USU was a dominating force on the football scene, and, when they were forming the WAC, it was a sore point. BYU and Utah went about eliminating USU. There was no question. —Ladell Andersen, in 1999
Quiz time: What school am I?
I wear blue and white and was once one of the best collegiate football teams in the Intermountain West. I boasted All-American players, future NFL stars, conference championships, bowl games, national rankings. Those were the days. Then, several rivals from our conference fled to a new, more powerful conference, and I was left out. I was forced to turn to independence — as in, no conference affiliation. I’ve never been the same since.
Who am I?
With all the conversation about BYU’s failure to be invited into the Pac-10 when Utah made the leap in 2011, and the resulting problems it has caused for the once-powerful Cougars, it has been forgotten that this is history repeating itself — this could even be considered karmic.
What happened to BYU in 2011, happened to Utah State in 1962.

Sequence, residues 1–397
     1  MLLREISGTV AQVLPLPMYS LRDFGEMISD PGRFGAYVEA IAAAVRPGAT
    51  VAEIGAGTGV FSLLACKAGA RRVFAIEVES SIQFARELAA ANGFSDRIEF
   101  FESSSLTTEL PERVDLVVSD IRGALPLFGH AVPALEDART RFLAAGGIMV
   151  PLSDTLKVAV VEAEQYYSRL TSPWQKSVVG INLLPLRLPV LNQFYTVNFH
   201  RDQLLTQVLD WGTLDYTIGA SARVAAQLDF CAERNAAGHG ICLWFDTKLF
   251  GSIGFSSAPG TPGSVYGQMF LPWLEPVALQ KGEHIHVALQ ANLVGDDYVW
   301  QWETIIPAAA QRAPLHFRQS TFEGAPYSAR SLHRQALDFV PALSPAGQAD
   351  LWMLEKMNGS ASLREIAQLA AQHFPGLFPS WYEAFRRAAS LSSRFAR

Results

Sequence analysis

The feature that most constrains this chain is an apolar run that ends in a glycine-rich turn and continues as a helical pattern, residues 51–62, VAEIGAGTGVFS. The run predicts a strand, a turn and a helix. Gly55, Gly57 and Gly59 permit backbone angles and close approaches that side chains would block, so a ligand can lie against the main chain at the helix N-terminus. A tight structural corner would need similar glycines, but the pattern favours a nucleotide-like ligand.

If it seems unfair that BYU — which had the best football program in the Mountain West at the time — was left out of the Pac-10 when it expanded six years ago, it was equally unfair that Utah State was not included in the Western Athletic Conference when the league was formed 55 years ago. Utah and BYU were invited; USU was passed over, and at least one former school official blamed the Aggies’ in-state rivals.
"I have a hard time forgiving Utah and BYU for not getting USU in," Ladell Andersen told the Deseret News in 1999. Andersen, you might remember, was head basketball coach at BYU and USU and an assistant coach at Utah. He also was athletic director at USU.
"It disgusts me to talk about it,” he continued. “It's nothing against BYU and Utah. It's about the leadership. We're talking about a handful of people at BYU and Utah."
The irony and the parallels between BYU in 2011 and USU in 1962 are uncanny.
Decades ago, BYU, Utah and Utah State were a package deal. They were all in the Rocky Mountain Athletic Conference and then moved together to the Mountain States Conference, which became the Skyline Conference. In the late 1950s, BYU athletic director Eddie Kimball began discussions with officials from other schools about forming the Western Athletic Conference, which made its debut in 1962. The charter members were Arizona, Arizona State, BYU, New Mexico, Utah and Wyoming. USU applied for an invitation, but was rebuffed.
The Aggies were more than qualified. They had won the Skyline Conference championship the previous two years before the WAC formed. At the time, the Aggies had a winning record against BYU — 21-13-3 (a dominance that would continue through 1974, when USU owned a 30-17-3 advantage over the Cougars).